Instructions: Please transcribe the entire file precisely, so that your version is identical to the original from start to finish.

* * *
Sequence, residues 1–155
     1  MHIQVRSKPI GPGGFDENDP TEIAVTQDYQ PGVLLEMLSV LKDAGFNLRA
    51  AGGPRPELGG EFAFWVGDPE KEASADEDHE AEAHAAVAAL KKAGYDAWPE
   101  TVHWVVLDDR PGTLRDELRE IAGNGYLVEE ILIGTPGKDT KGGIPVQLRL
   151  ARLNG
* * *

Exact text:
Sequence, residues 1–155
     1  MHIQVRSKPI GPGGFDENDP TEIAVTQDYQ PGVLLEMLSV LKDAGFNLRA
    51  AGGPRPELGG EFAFWVGDPE KEASADEDHE AEAHAAVAAL KKAGYDAWPE
   101  TVHWVVLDDR PGTLRDELRE IAGNGYLVEE ILIGTPGKDT KGGIPVQLRL
   151  ARLNG